Show Hide image

At Wigmore Hall, I hear the classical version of “Heads, shoulders, knees and toes”

Membra Jesu Nostri is set in seven sections, each corresponding to a party of the body. Plus: Rigoletto at the London Coliseum.

How many pieces of music do you know that are devoted solely to feet? Sadly, given the human foot’s vital role in our everyday lives, the Western classical canon isn’t exactly bursting with odes to insteps and ankles. The playground song “Heads, shoulders, knees and toes” comes closest, though its sing-song rhythms have so far excluded it from the world’s concert halls.

Yet in 1680 the Danish-German composer Dieterich Buxtehude produced a set of cantatas, known as Membra Jesu Nostri, which has much in common with the ­well-known children’s ditty. Each of its seven parts is devoted to observation and celebration of a specified part of the body, from “Ad pedes” (“to the feet”) through to “Ad faciem”, or “to the face”. The body in question is Christ’s, and the Latin text for each section is extracted from a medieval hymn, with the words chosen for their exploration of a particular part of the body hanging on the cross.

As performed on 20 February by members of the renowned early music ensemble the Sixteen, the suite was absorbing and lyrical. Under the direction of Harry Christophers, the dissonances between individual vocal and instrumental lines were brought out skilfully and the mood varied according to the music, without the presentation ever feeling indulgent or over the top.

It is unclear what Buxtehude saw as the purpose of the work, each of whose carefully crafted odes contains both an instrumental sonata and an intricate choral work. He worked for decades as the organist at the Marienkirche in the northern German city of Lübeck and spent most of his time playing for church services, rather than composing or staging choral works. The Membra Jesu Nostri, it has been speculated, was perhaps rather composed for private religious gatherings or prayer meetings. Its solemn, melancholy strains would assist in focusing prayer on one particular aspect of Christ’s crucified body in turn.

Buxtehude played a part in the newly emerging Protestant sacred music, experimenting with the intersection between melody and liturgy and laying the groundwork for the coming, 25 years later, of perhaps the greatest Lutheran composer of all: Johann Sebastian Bach. In the poignant soprano lines of the climactic sixth cantata, “Ad cor” (“to the heart”), it is possible to hear a nascent quality that came to fruition in Bach’s great Easter compositions of the 1720s, the St Matthew and St John passions.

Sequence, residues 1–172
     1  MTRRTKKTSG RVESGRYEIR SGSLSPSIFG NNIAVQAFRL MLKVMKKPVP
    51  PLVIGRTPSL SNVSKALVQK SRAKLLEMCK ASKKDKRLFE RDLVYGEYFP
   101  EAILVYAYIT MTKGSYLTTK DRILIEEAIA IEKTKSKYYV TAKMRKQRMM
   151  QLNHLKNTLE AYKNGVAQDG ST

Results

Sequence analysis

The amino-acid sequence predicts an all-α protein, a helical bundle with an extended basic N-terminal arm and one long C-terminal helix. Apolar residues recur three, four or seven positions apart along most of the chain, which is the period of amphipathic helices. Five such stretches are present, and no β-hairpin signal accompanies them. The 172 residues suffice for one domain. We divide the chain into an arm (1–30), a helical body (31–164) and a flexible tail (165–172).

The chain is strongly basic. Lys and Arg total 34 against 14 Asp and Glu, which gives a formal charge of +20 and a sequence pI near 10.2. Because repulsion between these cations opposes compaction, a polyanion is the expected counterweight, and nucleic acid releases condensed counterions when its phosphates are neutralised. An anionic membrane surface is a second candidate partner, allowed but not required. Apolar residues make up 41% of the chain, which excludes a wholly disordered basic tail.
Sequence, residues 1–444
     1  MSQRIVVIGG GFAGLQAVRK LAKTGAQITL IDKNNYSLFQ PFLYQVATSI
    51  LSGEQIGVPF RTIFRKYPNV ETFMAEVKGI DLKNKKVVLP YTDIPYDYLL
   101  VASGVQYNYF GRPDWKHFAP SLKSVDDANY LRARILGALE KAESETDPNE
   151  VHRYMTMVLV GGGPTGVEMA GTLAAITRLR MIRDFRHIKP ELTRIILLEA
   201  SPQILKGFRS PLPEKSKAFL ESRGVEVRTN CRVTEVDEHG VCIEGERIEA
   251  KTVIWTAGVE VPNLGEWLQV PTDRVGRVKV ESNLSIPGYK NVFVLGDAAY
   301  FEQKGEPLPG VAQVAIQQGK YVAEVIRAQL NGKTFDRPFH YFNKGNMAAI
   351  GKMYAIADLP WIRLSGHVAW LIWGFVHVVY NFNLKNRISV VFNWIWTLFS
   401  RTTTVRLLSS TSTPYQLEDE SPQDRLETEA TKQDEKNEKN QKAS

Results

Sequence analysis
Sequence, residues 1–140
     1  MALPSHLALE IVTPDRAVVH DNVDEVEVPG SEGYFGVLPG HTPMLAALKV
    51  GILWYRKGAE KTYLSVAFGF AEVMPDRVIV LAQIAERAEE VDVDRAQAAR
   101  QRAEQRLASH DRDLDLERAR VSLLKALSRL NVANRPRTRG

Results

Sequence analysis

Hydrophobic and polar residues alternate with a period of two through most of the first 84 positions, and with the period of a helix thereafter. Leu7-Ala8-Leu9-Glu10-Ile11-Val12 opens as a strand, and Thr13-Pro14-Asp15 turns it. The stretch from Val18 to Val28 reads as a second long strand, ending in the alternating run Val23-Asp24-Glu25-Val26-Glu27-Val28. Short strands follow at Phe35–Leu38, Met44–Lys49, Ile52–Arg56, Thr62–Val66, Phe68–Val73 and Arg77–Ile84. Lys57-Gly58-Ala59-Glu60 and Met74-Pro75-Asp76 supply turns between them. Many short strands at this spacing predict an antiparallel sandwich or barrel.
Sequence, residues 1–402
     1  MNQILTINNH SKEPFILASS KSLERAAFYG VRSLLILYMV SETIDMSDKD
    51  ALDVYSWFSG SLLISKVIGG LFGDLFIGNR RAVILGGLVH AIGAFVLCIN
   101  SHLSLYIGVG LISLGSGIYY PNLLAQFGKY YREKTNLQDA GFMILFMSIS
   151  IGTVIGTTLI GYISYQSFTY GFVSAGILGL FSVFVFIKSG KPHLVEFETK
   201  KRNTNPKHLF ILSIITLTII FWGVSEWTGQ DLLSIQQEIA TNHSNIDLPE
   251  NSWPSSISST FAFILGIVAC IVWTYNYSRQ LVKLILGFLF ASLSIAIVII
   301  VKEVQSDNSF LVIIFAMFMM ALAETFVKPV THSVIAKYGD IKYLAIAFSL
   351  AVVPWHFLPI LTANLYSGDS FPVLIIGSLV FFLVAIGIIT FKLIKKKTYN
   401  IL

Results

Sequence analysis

In the production notes for his 1982 production of Rigoletto for English National Opera, Jonathan Miller described its setting as “gangland limbo”, a version of Little Italy in 1950s New York City, where the 16th-century Mantuan nobleman of Verdi’s original becomes the “Duke”, a Mafia boss with a chorus of hoodlums to assist him in his evil deeds. In a 1989 review of the opera’s televised broadcast, the New York Times described the decision to update the setting as “provocative”. Thirty-five years on, it may no longer have the power to shock audiences but it’s still splendid entertainment.

The moral dilemmas and class hierarchies of the story are made more comprehensible by the 20th-century setting, too. Rigoletto is no longer a court jester but the barman at the Duke’s hotel, where the boss’s favoured lieutenants enjoy baiting him and ­making his job harder by deliberately dropping peanuts everywhere. Is it any wonder he becomes consumed by a desire for revenge when they mistreat his daughter?

In this 13th revival (25-28 February), the original sets from Miller’s production were refreshed to give them a mid-century-modern, almost Hopper-esque feel. Slicked-back hair and sharp suits were everywhere, and the women’s tight 1950s evening gowns fit the period setting perfectly when one of them emerged, disarranged and distressed, from an offstage encounter with the Duke.

Joshua Guerrero gave a vocally secure performance as the Duke, including a raucous version of “La donna è mobile”, although he is somewhat lacking in the lethal blend of charisma and malice that Verdi’s score demands from the character. Nicholas Pallesen as Rigoletto acted rather better than he sang, but his duets with Sydney Mancasola’s Gilda were evocative and moving. The great thrill of this revival, though, came from Nicholas Folwell as Monterone. Resplendent in a Godfather-inspired coat with fur collar, Folwell packed into his short lines all the indignation and fury of an ageing father whose daughter has been seduced and discarded by the Duke.